This is the Monumental Milan, built in different periods and styles that have been programmatically and geographically sewn together. It’s the Milan that makes an impression. These monuments form the city image as described by Carlo Cattaneo, Giuseppe De Finetti and Aldo Rossi. It’s the stern, flawless Milan, so distinct from Rome, Turin and Venice. Largely a product of the 19th century, it was heavily restructured by Fascism, then bombed in the war, and finally rearranged by postwar reconstruction.
There are also significant traces of the Middle Ages in the Monumental Milan, albeit now isolated from the rest. Examples include the early Christian Basilica of San Lorenzo, the Romanesque Basilica of Sant’Ambrogio and the gothic Duomo. There are surprising Renaissance masterpieces, too, such as Bramante’s work in the churches of San Satiro and Santa Maria delle Grazie, or the Sforza Castle and Ospedale Maggiore by Filarete. Notable 19th-century architectures include Galleria Vittorio Emanuele II, or rather the intricate network of galleries and arcades permeating several surrounding blocks. Milan’s unique collection of high-quality 20th-century architecture is also one of Europe’s finest: the Triennale and Palazzo dell’Arengario with their Fascist origins, the Vela by Moretti, Torre Velasca by BBPR, various works by Caccia Dominioni set in the urban fabric, Gardella’s Casa “al Parco” overlooking Parco Sempione, numerous works by Asnago and Vender, as well as Ponti, and the Milan Metro Line 1 by Albini, just to name a few from the 1950s and ’60s. Can all this be considered a museum of architecture?
Yes, but with one proviso: in Milan, since modernity is not regarded as iconic, neither is it treated as a museum piece. Milan’s modernity – whether of Fascist totalitarianism or relativist reconstruction – almost always merges into normality. The city is a patchwork of old and modern, with a street layout largely unaltered since medieval times. Many modern buildings are merely elements in a street-side curtain wall, blocks at the rear, interior restorations, added stories or redesigned facades, often verging on camouflage or invisibility. To a cursory glance, Milan’s modernity risks going unnoticed. Glass facades are a rarity, except along Corso Europa.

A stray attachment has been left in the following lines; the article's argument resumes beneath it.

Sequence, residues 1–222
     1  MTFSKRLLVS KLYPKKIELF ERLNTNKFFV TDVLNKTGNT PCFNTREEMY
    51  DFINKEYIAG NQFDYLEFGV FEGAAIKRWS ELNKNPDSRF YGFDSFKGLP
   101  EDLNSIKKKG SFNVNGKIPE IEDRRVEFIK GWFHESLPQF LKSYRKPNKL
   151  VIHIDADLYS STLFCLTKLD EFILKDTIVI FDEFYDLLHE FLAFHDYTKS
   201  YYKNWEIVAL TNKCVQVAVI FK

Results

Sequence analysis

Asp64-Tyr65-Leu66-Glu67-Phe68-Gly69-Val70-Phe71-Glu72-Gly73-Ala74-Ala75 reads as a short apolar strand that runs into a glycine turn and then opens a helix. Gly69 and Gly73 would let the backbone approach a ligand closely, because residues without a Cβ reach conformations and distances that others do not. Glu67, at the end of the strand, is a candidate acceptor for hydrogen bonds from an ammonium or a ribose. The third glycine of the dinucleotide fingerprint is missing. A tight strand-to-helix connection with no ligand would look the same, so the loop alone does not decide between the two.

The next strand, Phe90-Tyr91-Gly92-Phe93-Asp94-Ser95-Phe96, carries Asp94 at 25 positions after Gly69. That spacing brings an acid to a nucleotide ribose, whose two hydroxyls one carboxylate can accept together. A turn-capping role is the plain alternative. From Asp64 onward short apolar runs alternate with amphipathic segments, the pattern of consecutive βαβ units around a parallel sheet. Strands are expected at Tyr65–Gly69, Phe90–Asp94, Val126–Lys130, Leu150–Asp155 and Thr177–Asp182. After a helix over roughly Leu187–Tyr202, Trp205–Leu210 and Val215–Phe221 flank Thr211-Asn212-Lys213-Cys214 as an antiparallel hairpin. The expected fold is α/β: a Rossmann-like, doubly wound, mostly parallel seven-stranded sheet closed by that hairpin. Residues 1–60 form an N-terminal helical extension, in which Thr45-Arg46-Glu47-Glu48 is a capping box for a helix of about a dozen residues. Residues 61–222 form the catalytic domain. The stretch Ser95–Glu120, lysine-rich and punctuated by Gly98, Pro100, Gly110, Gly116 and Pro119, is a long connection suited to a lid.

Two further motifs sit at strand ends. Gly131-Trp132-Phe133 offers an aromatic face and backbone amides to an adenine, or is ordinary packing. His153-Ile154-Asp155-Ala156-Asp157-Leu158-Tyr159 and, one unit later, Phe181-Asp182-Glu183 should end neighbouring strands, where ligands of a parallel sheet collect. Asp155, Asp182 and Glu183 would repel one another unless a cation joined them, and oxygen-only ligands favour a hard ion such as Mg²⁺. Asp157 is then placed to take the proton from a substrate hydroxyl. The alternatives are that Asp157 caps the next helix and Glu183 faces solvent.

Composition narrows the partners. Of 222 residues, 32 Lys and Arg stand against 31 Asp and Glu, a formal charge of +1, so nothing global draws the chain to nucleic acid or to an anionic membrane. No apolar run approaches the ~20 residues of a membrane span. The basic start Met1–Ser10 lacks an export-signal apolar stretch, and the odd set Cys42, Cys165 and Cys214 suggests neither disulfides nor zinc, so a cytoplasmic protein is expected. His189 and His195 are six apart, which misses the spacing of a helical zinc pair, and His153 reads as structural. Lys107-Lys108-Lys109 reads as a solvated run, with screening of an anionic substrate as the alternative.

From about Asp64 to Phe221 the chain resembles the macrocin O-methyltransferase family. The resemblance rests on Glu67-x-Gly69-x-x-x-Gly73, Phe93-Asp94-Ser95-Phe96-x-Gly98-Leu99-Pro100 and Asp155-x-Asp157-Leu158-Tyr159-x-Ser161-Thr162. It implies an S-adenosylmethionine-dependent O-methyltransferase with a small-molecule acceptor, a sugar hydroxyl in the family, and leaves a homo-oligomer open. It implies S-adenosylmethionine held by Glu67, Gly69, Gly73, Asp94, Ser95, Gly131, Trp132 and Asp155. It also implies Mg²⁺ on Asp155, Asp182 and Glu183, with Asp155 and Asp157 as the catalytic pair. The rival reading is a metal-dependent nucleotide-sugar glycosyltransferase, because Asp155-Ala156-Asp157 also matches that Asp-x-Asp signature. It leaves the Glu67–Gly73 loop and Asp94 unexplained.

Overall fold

A stone’s throw from the Duomo, there are still large holes blown open by British RAF bombs in 1943. Today they’re mostly used as parking spaces, but sooner or later they ought to be repaired. Fashion, shopping, food and promenading are all part of Milan, and they perfectly fit the fragmented urban fabric at the heart of the city. Shops line the pavements, but they’re also in courtyards and on upper floors. Perhaps with a few detours, one finds a bit everything along the pedestrian stretch of about 1.5 kilometres connecting Piazza San Babila to Piazza Cairoli, passing via the Duomo and Piazza Cordusio: bookshops, stores, restaurants, churches and public buildings. It’s impossible not to mention the Hoepli and Malavasi bookstores. The latter has been selling antique and rare books since 1940, and today it is specialised in the field of antique books of the 16th-18th centuries. One of Milan’s main attractions is shopping, especially in the so-called Quadrilatero della moda, the fashion district delimited by Via Manzoni, Via Montenapoleone, Via della Spiga and Via Sant’Andrea. Every luxury brand can be found there. Prada settled in the area in 1913, when Miuccia’s grandfather Mario Prada opened the firm’s first store selling leather bags in Galleria Vittorio Emanuele II. A century later, the shop has been joined by Prada Galleria (photo below).
If you go for a stroll here, dive into the Milanese atmosphere of bygone times at Al Camparino, the historical bar opened by Davide Campari in 1915 in Galleria Vittorio Emanuele II. When it’s time for an aperitif, order a Negroni if you want something stronger (1 oz. Campari, 1 oz. Cinzano Rosso and 1 oz. Gin) or a Negroni Sbagliato (1 oz. Campari, 1 oz. Cinzano Rosso and 1 oz. spumante) if you fancy something lighter. Concerns have been voiced regarding two urban transformation projects along this itinerary – in Piazza del Liberty and Piazza Cordusio. Yet they are unlikely to change the somewhat prestigious architectural essence of these squares.
The charm of Milan’s city centre, as it appears today, lies in its capacity to endure the ups and downs of variable economic cycles practically unaltered, and in not falling prey to tourism. Four squares – Piazza del Duomo, Piazze della Scala, Piazza Cordusio and Piazza Cairoli – form a single grand urban monument that can be considered modern since it was conceived and constructed just 150 years ago. There is nothing comparable in Rome, Florence, Naples or Turin. Brera is a separate zone in the Centre district. With its cobblestone streets, cyclists bounce up and down off the pavements heedless of pedestrians. Brera also has a few special buildings. The historical HQ of the Corriere della Sera, for example, includes a sober insert designed by Vittorio Gregotti, one of the best interventions carried out in the centre in the last 20 years. The Habsburg Palazzo di Brera is also remarkable with its Pinacoteca art gallery, a cornerstone of Milanese identity (but Milan has plenty of beautiful palazzi, from Renaissance to baroque, neoclassical, 20th-century and vernacular). Near the entrance to the Pinacoteca one finds the Jamaica. In the 1960s this place was known as the “artists’ cafe”, and despite its years it still retains its charm. The Ca’ Brutta by Giovanni Muzio is another a must-see. Recently renovated, is now stands in all its eccentric and caricatured monumentality.